Holy Cow – I can’t Stop!  I was trying out the brakes on my Huffy – just looking at them I knew I was going to have to work on them.  My little ride down the driveway nearly caused me to trash…Absolutely no brakes at all.

Luckily, I like working on MTBs even a “trash find” like my Huffy.  Let’s quickly get into what kind of brakes you have, then diagnosing the problems.

Huffy MTB Front Brake Trouble Shooting

  1. What kind of brakes are on your bike?  Most Huffy’s have what is called v-calipers that pinch on the wheel rim.  This article will only talk about rim/v-caliper brakes.  I’ve got some other articles on cleaning and installing disc brakes for MTBs.
  2. Double check that the brake cable swings free and isn’t kinked and the “noodle” is installed.
  3. Check to see if the cable is seated correctly in the brake assembly.
  4. Make sure the cable nut is tight and locked down on the cable.
  5. Finally, if the front wheel is bent getting the brakes to work will be a problem. VIDEO Below to “true a bike wheel”

With the trouble shooting done, let’s dig into the brake adjustment.  On my Huffy, the brakes were so bad I started over with an inexpensive kit.  I think I spent under $25 bucks so the money spent was well worth it.  Having reliable brakes is a good thing….right😜

DIY Mountain Bike Tip: When in doubt, just replace the brakes.  I bought a full set: Levers, Cables, Calipers and Shoes from Amazon with this link – Complete Bike Brake Set

Complete Bike Brake Set from Amazon
Complete Bike Brake Set from Amazon

I know the above sounds easy, so let’s dig into the details, plus we can talk about fine tuning the brakes.

V-Caliper or Side Pull Linear Brakes or what I call rim brakes are super common.  Most Huffy MTBs have these and include a centering spring adjustment as well.  This type of brake is light and can apply tremendous stopping force.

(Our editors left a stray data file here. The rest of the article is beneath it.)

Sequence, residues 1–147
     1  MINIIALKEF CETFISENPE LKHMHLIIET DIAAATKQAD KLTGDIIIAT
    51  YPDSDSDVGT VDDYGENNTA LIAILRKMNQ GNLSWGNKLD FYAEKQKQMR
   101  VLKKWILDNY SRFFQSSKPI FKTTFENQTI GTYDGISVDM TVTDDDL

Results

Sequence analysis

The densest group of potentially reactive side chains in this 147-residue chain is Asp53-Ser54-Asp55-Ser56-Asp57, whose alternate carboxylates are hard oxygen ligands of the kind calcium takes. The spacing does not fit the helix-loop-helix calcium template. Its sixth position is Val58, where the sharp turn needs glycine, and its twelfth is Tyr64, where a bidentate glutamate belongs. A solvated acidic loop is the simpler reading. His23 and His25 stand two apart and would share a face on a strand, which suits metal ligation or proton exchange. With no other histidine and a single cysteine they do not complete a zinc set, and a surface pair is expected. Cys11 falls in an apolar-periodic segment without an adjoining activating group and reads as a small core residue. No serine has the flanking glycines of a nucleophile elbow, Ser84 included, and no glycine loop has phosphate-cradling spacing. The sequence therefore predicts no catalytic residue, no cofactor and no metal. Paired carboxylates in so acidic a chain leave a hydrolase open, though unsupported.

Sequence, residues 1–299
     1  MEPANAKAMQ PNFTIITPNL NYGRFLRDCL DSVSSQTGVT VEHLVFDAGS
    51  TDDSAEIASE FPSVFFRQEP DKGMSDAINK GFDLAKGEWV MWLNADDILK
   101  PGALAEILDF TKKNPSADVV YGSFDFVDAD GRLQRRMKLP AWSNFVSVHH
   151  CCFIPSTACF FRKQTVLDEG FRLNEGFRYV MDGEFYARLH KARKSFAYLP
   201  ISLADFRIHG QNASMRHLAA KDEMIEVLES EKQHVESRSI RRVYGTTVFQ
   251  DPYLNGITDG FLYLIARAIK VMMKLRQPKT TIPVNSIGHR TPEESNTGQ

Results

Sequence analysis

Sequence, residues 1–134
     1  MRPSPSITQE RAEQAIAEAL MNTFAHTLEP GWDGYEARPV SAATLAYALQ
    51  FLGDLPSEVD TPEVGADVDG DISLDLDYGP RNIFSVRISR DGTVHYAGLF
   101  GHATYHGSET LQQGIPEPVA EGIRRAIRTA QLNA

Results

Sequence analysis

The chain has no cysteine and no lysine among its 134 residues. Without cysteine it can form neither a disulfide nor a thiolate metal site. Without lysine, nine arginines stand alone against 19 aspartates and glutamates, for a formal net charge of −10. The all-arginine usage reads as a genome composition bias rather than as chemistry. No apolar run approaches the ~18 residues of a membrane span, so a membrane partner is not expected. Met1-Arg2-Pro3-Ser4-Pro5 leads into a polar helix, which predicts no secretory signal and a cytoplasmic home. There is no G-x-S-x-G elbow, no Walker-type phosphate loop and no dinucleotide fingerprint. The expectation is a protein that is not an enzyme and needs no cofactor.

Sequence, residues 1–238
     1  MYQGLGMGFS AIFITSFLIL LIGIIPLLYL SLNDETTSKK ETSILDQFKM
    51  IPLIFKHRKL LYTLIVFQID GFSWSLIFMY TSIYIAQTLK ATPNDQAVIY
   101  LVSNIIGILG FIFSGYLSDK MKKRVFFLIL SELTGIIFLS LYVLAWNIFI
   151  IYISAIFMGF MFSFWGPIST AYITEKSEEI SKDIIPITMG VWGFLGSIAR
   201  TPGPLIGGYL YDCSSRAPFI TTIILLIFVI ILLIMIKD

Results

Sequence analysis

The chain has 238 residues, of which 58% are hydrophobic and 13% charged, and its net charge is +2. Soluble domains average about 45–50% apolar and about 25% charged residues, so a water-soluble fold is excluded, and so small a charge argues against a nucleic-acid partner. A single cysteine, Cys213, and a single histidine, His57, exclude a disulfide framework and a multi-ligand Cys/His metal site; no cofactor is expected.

These are most common on road bikes. Let’s first make sure the brake cable “noodle” is attached the brakes, this is an easy fix.  The noodles can be removed making it easier to remove the tire.

Bike Brake Cable Noodle
Bike Brake Cable Noodle

Squeezing the brake shoes tight to the rim allows the “noodle” (curved metal on cable) to be installed into the brake carrier assembly.

Adjusting the Huffy Front Brakes

On a Huffy four areas can be adjusted;

  • Adjusting the Brake Pad Position and Alignment
  • Rough Adjustment of the Cable at the Attachment
  • Centering the Brake Pads to the Wheel (spring that forces pads away from wheel)
  • Fine Tuning at the Hand Levers

DIY MTB:  Get a FREE PDF copy of the Huffy Owner’s Manual HERE

Tools needed:

  • 10mm open end wrench
  • 5mm Hex wrench
  • Needle nose pliers
  • Phillips / Straight head screwdriver

Adjusting the Brake Shoe at the Rim (Centering and Aligning)

The objective is to have the pads centered up and down and not twisted to the rim.  If the pad is out of alignment loosen brake pad bolt.  With a 5mm hex loose the nut at the brake shoe.

I don’t like loosening to the point that the pad is flopping around, but to the point that you can move the position of the pads with your hand. 

Slide and turn the pad so it is aligned and centered on the rim.  Here’s the trick, squeeze the brake pad onto the rim and hen tighten the bolt.  This usually takes a second adjustment, it seems like during the tighten the pad always twisted just a little.

With one side done move around to the other side and repeat the process.

Rough Adjusting the Front Brake Cable Tension

This is a job that’s great to have a helper.  In fact, they sell a tool called a 4th Hand Cable Tensioner for Gears and Brakes

First screw the barrel adjust into the brake lever housing.  We’ll adjust this later.

Brake Handle Barrel Adjuster Screw
Brake Handle Barrel Adjuster Screw

Loosen the cable nut with either a 10mm wrench or 5mm hex.  My bike is a little older, so it uses the 10mm.  With the cable freely moving through the locking bolt place a shim between the brake pad and rim on each side.  I use a piece of cardboard on each side and it works pretty well.   Now squeeze the pads onto the rim.